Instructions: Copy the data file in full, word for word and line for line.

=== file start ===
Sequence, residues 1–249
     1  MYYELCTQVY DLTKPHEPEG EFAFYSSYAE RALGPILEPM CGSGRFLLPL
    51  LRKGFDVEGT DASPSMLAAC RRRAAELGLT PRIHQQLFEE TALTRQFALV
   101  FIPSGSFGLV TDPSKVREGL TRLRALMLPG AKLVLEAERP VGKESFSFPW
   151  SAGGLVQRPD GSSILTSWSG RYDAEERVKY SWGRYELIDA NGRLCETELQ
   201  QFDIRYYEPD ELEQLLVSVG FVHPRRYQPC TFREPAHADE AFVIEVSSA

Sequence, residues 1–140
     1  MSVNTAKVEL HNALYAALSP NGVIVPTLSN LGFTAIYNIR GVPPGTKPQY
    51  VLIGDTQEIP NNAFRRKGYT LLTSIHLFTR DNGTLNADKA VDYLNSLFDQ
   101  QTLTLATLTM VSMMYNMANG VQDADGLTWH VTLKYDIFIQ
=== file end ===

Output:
Sequence, residues 1–249
     1  MYYELCTQVY DLTKPHEPEG EFAFYSSYAE RALGPILEPM CGSGRFLLPL
    51  LRKGFDVEGT DASPSMLAAC RRRAAELGLT PRIHQQLFEE TALTRQFALV
   101  FIPSGSFGLV TDPSKVREGL TRLRALMLPG AKLVLEAERP VGKESFSFPW
   151  SAGGLVQRPD GSSILTSWSG RYDAEERVKY SWGRYELIDA NGRLCETELQ
   201  QFDIRYYEPD ELEQLLVSVG FVHPRRYQPC TFREPAHADE AFVIEVSSA

Sequence, residues 1–140
     1  MSVNTAKVEL HNALYAALSP NGVIVPTLSN LGFTAIYNIR GVPPGTKPQY
    51  VLIGDTQEIP NNAFRRKGYT LLTSIHLFTR DNGTLNADKA VDYLNSLFDQ
   101  QTLTLATLTM VSMMYNMANG VQDADGLTWH VTLKYDIFIQ